Art Metrano: The Man With the Magic Fingers

A nod to comedian and comic actor Art Metrano (1936-2021).

Metrano’s signature bit is better known than either his name or any of his roles. It has woven its way into folk culture. As kids we used to imitate it after seeing it on television…sort of everybody did. It was kind of a hilarious take-down of corny show business culture then still in vogue (the 1970s), not worlds away from the stuff that was on The Gong Show, or was being done by the Unknown Comic, Steve Martin, Andy Kaufman. Humming his own show bizzy soundtrack to the tune of “Fine and Dandy”, Metrano would come out on TV variety shows in a Vegassy tuxedo and do a routine of such minimal impressiveness yet with such cheer and confidence, that you laughed at his cajones in daring to do it front of national audiences. It was the sort of act a toddler might do in the living room, with exactly same sort of exuberance the toddler might bring to it. (Basically it was a breezy “magic trick” where he made his fingers appear, disappear, jump from hand to hand, etc). There’s a version on Youtube, but I won’t link to it. I’ve learned not to link to Youtube clips anymore the hard way. Metrano did this act on The Tonight Show, The Mike Douglas Show, and many many others. He got lots of positive reinforcement for it.

with Steve Guttenberg in “Police Academy 2”

Metrano’s taking THAT act THAT far would have been impressive enough, but he also racked up a TON of proper acting credits, ranging from bit parts (on shows like Bewitched) to bigger ones. He had a recurring role on The Chicago Teddy Bears (1971), two episodes of Love American Style, five episodes of Ironside, the “Chopper” episode of Kolchak: The Night Stalker (1975), a recurring role on Baretta (1975-77), a recurring role on Movin’ On (1975-76), a regular role on the short-lived sitcom Loves Me, Loves Me Not (1977). He played Leonardo Da Vinci in Mel Brooks’ The History of the World, Part One (1981); had a recurring role on Joanie Loves Chachi (1982-83); played “Mauser” in the Police Academy movies (1985-86); and was a third-billed regular role in the short-lived sitcom Tough Cookies (1986). And numerous other credits through 2001. Dozens and dozens, more than I’d ever be able to list here.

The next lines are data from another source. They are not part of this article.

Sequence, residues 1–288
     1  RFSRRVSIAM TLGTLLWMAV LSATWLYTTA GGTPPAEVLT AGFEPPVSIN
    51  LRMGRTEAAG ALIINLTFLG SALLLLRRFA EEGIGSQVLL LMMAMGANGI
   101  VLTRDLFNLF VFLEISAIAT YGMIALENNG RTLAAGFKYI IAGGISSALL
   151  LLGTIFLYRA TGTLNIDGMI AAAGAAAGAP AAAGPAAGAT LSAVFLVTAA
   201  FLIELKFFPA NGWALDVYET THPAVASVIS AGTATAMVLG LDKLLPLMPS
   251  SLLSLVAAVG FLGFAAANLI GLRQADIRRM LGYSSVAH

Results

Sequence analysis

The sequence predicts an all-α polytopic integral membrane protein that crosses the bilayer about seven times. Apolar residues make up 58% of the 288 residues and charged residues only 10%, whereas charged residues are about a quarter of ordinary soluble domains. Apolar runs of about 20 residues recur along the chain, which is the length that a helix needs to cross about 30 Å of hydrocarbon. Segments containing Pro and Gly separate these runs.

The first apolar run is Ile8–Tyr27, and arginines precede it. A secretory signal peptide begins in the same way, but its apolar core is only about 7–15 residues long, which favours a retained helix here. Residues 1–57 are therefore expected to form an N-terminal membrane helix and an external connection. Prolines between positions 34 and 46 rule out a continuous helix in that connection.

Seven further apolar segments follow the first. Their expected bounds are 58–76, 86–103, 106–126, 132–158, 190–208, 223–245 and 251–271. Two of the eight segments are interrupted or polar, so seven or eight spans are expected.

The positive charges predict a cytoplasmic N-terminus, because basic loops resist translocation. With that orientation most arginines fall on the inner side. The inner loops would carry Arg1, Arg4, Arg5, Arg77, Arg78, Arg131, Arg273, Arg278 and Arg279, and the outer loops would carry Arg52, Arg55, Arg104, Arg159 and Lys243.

My old buddy the Art Star David Jenness whom I used to perform with a lot back in my Surf Reality days wrote me a few month back with some insider scoop on the Art Metrano phenomenon. I now turn you over to him:

We all grew up with Art Metrano on the television with his stupid – Da da da da song and the Finger Routine.  But the beauty is that every one of my friends and I mastered the act and used to crack each other up. Ten years pass and I move to NYC in 1978 and I meet and fall in love with a brainy beauty, 12 years older than I, who becomes my first wife. She was funny – in Second City for a bit with Alan Arkin, on Broadway for a minute and a half with James Earl Jones in a Cuban version of Julius Caesar, but to me, but the real fascinating part of her history is she used to hang at the Stage Deli with all the comics – the same guys from Broadway Danny Rose. Her best friend dated Jackie Mason – oy!  And who did my first wife date?  Art Metrano.  Well, she didn’t just date him, she married him (lasted 6 months apparently). Neither of them were ready – she was 24 and getting away from mommy and daddy…. But she was there at the birth of the Finger Routine and all the success he received with that. And guess who actually wrote it for him? Joe Bologna!  Before he hooked up with Renee [Taylor], he was a struggling comedy writer. I thought that was pretty cool. In the ’80s, [my ex-wife] and I wrote together – and one of our specialties was celebrity profiles for Parade Magazine and the ladies magazines and we got to interview Mel Brooks – around the time of History of the World Part 1 – which Art Metrano had a small part in.  When Mel found out that she had been married to Art, he loved it – he picked her up and carried her around the Hotel Suite (it was a very Mel Brooks moment).  He also said over and over, “You poor, poor girl!”